The fact that you can only imagine the absence of peace to ww3 is a failure of your own ability to understand the world.

"Worst you have is a currency level that today is the same as in the early 2000s"

So our new normal (before we've even left CU/SM) is the depths of the dotcom bust 20 years in the past. Someone tell the orchestra to play rule Britania and break out the flags.

"Exports are up!"
In sterling terms. But are they up over 20%? If not, then actual volumes have not offset the drop in sterling buying power meaning we are, as a country, poorer. Since the principle benefit of trade is importing goods of equivalent value of lower price sourced overseas, and the only purpose of exports is to pay for imports, your supposed "boom" in exports is not good news.

Further, we haven't actually left yet - when trade barriers come up as we leave, we would expect UK exports to drop.

So no Shannon, not good news. If this is the high water mark it's fucking awful.

Unemployment is low thanks to a resilient and flexible Labour market. It would be low without brexit. However the underlying oroductivity issues remain. And we are now in the sweet spot where (hopefully) most of the price drops in sterling are priced in but we retain full access to the markets we are geared to. When we leave, if we leave the SM and CU you will then see tariffs and supply chain disruption. That's when you expect to see Labour market dustuption. And while tens of thousands of job moves have been announced and planned in 're the city, they havens yet been put into action because we haven't left yet.

So Shannon, yes, the HMT predictions were wrong in timing, but right in direction, and have the very fair point they assumed a50 being triggered immediately as per Cameron's policy. The extra year allows a mote measured approach, but the direction of travel remains the same.

Meanwhile, Brexiteer forecasts have been even more wrong in absolute terms, and in the wrong direction.

Three indisputable facts: we are poorer and growing more slowly than before the vote, the negotiations are not going our way with a choice between breaking GFA peace deal or losing any say on customs and single market rules, and further negative consequences are expected once we actually leave.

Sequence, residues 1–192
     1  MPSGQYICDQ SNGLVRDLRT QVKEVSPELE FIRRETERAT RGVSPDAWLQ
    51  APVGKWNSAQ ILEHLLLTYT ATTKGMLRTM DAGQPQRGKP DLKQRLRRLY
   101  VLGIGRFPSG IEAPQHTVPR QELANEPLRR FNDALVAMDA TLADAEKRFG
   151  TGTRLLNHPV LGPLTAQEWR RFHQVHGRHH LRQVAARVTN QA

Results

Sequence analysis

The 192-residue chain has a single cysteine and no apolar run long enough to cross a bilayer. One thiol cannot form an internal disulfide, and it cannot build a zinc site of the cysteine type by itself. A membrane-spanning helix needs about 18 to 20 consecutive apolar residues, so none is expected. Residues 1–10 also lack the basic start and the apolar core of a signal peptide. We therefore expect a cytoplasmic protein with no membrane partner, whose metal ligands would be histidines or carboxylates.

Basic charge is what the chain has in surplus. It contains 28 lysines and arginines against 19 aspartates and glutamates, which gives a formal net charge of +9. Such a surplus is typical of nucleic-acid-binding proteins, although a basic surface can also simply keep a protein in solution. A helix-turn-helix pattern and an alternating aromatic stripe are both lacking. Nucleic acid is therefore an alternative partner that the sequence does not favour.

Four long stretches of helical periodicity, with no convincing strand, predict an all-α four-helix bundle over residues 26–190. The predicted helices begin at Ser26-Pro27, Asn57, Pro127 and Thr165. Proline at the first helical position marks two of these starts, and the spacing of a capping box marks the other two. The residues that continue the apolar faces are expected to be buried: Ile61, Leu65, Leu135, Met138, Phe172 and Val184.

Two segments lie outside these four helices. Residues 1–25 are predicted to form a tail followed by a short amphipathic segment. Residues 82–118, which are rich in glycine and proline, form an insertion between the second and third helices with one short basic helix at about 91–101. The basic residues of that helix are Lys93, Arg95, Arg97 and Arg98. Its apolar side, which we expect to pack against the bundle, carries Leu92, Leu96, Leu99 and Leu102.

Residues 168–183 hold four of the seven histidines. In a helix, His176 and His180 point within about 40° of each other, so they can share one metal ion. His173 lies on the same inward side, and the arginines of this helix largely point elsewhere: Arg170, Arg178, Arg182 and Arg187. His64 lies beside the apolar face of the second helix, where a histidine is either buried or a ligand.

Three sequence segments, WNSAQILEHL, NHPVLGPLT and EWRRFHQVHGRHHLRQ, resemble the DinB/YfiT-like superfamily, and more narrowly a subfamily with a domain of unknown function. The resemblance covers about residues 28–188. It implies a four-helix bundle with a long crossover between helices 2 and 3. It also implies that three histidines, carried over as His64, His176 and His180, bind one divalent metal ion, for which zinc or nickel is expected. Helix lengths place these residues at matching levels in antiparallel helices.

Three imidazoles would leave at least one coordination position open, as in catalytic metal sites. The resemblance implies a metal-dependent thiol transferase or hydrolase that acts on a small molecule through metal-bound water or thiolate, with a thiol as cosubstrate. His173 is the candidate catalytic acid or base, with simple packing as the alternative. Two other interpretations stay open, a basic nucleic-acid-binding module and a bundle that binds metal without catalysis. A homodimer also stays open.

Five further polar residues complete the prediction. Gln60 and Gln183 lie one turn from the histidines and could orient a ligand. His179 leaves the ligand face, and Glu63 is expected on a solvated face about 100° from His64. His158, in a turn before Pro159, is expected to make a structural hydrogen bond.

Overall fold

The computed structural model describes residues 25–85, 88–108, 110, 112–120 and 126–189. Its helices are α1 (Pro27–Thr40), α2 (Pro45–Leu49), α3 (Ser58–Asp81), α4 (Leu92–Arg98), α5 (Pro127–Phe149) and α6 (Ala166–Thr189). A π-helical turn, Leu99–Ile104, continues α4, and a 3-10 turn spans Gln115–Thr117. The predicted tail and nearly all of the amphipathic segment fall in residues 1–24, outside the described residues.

What's you rationale and forecast for increased prosperity Shannon? You've no positive case to make for brexit, or if you do you aren't making it.

"Learn from your mistakes"? Lol told you NO would be used as leverage to secure concessions. It's being used to secure concessions. It is you who should learn from yours! Spain already said it would be looking for sovereignty concessions in any eu UK trade deal.
Seb
Member
Fri May 04 06:13:29
Camerons quote on "WW3":

https://www.ft.com/content/c36e4b52-1538-11e6-b197-a4af20d5575e

David Cameron on Monday raised the stakes in the EU referendum debate, invoking the Balkans war and genocide in Srebrenica to make his case that Britain and the rest of Europe were more secure within a strong union. "The European Union has helped reconcile countries which were at each others’ throats for decades," Mr Cameron said."Britain has a fundamental national interest in maintaining common purpose in Europe to avoid future conflict between European countries. And that requires British leadership, and for Britain to remain a member," he said.

"Europe is our immediate neighbourhood. The stronger we are in our neighbourhood, the stronger we are in the world," Mr Cameron said, pointing to the conflict in the Balkans, including "genocide at Srebrenica" and more recent armed actions in Georgia and Ukraine.

So lets see:

1. Nobody has yet found a way to reconcile the Good Friday Agreement with leaving the SM and CU (staying in would make Brexit pointless). The GFA brought peace to Ireland, it's break up may lead to a resurgence in violence.

2. There is no legal frameowork in place to permit the UK to partake in EU peacekeeping operations except under an EU command, which would be unacceptable to us. As Turkey moves towards Russia, and America's withdrawl, NATO as a vehicle for this seems increasingly useless as a vehicle. Meanwhile Russia is fommenting trouble in the Balkans.

Further, we've been kicked out of the secured layer of Galileo programme, which the UK military considers fundamental for the effectiveness of our hard-power (the unjammable by current methods 1m high time resolution element used by our missiles). Even if we develop our own system (we should) - it just means we will be less able to iteroperate with EU missions in future, exacerbating the above issues.